Absolutely not. Once again, you misunderstand my original post. In the case of a player piano, it is still a piano. The piano roll does not attempt to turn it into a violin or a drum kit. Also the piano generates its sound by a real piano mechanism with hammers striking real piano strings, not 'by lightning prison'd up in cables'.
Frankly the girl in the clip had to learn how to read music, learn the
instrument, learn registration and arranging to be able to play as well
as she did.
Of course she did. See my earlier response.
I'm sorry, but the closed mindedness of most people really burns
me up.
This is the same thing as the closed mindedness of men
and women when it comes to skirted garments for men.
Think outside the box for a change. You might find something
interesting out there, out of your own little world :!:
No - I'm not being closed minded. But I am objecting to the promotion of sterile electronic imitation of the full range, timbre and expression of real wind, brass string and percussion instruments, especially when the idea may be to render orchestral instruments and their players redundant. You have only to read some of the posts in the Youtube clip to see some of those comments.

As a Musicians' Union member I feel particularly strongly about this, as professional orchestral musicians find it increasingly hard to find work in the popular and entertainment fields because a single player on one of these monstrosities can apparently do the same job at a fraction of the price. But at what cost to the overall quality? It's like buying an expensive solid walnut or oak dining room table, only to find that it is plastic, photographically printed veneer on chipboard.

I am all for innovation and evolution of musical instruments - after all, look how the piano developed from the clavichord, harpsichord and spinet. There is indeed a place for instruments which utilise electronic sound generators, but let's hear real music composed for them, not a pretense of something else with the intention to replace it.

OK....
You asked - and that's what my original reply was all about, and I've tried to explain why I feel so strongly. But ultimately, as I try to point out in my opening paragraph of this reply, I don't really this thread should be here at all.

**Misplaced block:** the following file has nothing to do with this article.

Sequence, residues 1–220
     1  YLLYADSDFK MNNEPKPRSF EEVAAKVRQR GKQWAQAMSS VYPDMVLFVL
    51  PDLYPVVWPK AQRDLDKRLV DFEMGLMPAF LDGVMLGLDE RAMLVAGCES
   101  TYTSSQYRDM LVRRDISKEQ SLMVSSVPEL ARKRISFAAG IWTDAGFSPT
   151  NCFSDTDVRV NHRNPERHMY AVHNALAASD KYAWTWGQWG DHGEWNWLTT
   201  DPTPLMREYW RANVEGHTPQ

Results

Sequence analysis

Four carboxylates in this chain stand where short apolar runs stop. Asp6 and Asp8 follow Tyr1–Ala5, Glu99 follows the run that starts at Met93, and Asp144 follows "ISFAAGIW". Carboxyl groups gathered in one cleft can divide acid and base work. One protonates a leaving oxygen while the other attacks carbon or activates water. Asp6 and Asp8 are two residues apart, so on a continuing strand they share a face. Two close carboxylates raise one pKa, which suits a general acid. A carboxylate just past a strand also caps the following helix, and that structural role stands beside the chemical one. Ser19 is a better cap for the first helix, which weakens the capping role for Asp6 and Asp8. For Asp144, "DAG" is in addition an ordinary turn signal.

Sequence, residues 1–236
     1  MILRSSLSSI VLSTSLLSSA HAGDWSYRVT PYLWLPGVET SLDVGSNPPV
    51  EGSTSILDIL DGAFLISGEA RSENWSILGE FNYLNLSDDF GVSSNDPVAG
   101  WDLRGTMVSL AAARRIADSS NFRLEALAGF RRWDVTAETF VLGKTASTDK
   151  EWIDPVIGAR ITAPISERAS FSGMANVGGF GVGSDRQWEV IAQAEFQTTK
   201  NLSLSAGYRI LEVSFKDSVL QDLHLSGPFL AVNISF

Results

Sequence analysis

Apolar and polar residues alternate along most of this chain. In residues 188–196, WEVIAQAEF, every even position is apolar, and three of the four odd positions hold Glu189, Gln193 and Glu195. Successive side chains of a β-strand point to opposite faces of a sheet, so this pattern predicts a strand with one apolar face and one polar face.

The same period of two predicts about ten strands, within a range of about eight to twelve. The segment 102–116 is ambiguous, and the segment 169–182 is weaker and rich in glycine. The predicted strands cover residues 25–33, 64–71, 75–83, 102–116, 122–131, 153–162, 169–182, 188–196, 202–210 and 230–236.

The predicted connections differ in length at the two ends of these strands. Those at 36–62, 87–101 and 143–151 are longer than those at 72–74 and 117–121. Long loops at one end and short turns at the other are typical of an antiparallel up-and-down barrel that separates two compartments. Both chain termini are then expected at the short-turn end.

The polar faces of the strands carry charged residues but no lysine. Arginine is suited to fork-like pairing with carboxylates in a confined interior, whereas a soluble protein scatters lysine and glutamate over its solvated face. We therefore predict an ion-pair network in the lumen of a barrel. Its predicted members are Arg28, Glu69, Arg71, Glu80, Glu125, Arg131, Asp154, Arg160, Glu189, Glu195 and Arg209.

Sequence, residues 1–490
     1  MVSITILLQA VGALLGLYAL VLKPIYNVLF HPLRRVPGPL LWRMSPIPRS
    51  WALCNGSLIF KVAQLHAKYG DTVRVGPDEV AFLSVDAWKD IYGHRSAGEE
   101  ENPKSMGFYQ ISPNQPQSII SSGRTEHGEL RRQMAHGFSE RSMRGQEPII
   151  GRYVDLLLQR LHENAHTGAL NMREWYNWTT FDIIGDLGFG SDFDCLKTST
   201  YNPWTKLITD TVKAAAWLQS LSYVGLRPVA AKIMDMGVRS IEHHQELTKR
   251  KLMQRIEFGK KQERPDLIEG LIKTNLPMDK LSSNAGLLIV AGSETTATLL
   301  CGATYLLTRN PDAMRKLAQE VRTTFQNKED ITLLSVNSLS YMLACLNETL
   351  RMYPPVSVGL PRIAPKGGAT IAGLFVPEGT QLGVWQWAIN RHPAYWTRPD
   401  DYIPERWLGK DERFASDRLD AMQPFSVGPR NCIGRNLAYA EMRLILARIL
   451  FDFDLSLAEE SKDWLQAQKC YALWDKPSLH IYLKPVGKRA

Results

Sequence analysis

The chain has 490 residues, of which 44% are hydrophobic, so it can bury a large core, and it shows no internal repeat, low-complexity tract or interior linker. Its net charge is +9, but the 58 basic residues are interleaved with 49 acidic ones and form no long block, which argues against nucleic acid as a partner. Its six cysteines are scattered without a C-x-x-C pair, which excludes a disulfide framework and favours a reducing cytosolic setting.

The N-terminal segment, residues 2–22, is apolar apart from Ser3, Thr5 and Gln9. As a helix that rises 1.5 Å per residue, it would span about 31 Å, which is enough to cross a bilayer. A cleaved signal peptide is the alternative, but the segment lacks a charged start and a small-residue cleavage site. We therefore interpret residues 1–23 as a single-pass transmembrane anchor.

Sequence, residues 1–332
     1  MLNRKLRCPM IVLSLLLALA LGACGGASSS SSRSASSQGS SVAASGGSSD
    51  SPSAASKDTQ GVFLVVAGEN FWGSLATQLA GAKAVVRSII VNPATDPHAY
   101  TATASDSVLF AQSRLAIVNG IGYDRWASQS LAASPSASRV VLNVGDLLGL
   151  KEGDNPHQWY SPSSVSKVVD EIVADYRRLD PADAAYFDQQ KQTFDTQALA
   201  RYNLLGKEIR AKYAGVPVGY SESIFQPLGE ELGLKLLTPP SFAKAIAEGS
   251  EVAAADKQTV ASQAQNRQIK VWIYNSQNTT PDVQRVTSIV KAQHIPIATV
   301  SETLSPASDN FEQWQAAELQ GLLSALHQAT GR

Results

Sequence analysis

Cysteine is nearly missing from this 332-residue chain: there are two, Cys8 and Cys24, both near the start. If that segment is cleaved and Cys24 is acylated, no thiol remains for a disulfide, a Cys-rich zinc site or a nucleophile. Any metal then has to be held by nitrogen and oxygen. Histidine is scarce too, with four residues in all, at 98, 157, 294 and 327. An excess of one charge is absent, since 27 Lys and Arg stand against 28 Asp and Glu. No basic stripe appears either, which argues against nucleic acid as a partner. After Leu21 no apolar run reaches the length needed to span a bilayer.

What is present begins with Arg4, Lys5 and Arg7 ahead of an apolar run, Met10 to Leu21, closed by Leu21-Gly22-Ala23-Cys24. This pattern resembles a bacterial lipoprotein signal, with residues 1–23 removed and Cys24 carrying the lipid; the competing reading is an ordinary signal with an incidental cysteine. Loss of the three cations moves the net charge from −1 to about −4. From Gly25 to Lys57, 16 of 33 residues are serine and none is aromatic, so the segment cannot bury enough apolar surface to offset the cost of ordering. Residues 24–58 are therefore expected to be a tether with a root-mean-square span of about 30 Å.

Peace.
Stevie D
(Sheffield, South Yorkshire)
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crfriend
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Re: Music is the universal language

Post by crfriend »

Uncle Al wrote:Well excuuuuse me :!: What orchestra are you affiliated with :?:
What instrument do you play :?: To me, your mind is a closed as
a locked safe. If you just listened to, not watched, the clip you could
hear the orchestra voices playing the Star Wars Theme.
Stevie is a professional clarinettist with an ensemble in his hometown in the UK, something that he's mentioned in the past.

It's worth noting that no matter how "good" the electronics get, they lack the human element that really makes music special -- in fact, the "better" the electronics get the more sterile they sound. I'm not talking about the virtues and vices of analogue-versus-digital recording here, but rather the mechanism which produces the original sound. The genius is in the vagaries of the human state and the human performance.
A theatre organ, of which Compton in the UK comes to mind, was designed to replace the pit orchestra at the movie houses of the 20's and 30's. It does take talent, and plenty of practice, to get as good at playing said instrument as the girl from Japan.
True enough, and the instruments themselves are remarkable pieces of work -- but, they're machines not human beings. I, too, play clarinet (but nowhere near professionally) and the amount of work it takes to get good is astounding; what I find utterly amazing is that an orchestra is made up of dozens of humans, each with foibles, and the ensemble comes together as one coherent instrument "singing" in one voice. That's vastly more amazing than a piece of hardware that can hit a note *perfectly* *every time* and never falter.

Now, don't get me wrong: I like the machines as much as I love an orchestral performance. They both have their places, and both are very different from one another.
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Uncle Al
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Re: Music is the universal language

Post by Uncle Al »

Steve,

OK - I fully understand where you're coming from. It's just that anything
about music, I'm partial to. I definitely agree that musicians are finding
it harder to get jobs. I really had my 'gourd' twisted last December.
The Nutcracker Ballet was in town. The music was to be the best.
The musicians unions protested the Ballet. All of the music for the show
was produced from a CD, running through the house sound system.
That was totally unfair, to the musicians and the audience. You go to
the Ballet and expect to find a story told in dance and music. All live
performers. Not this time. The whole thing made the 4 channels of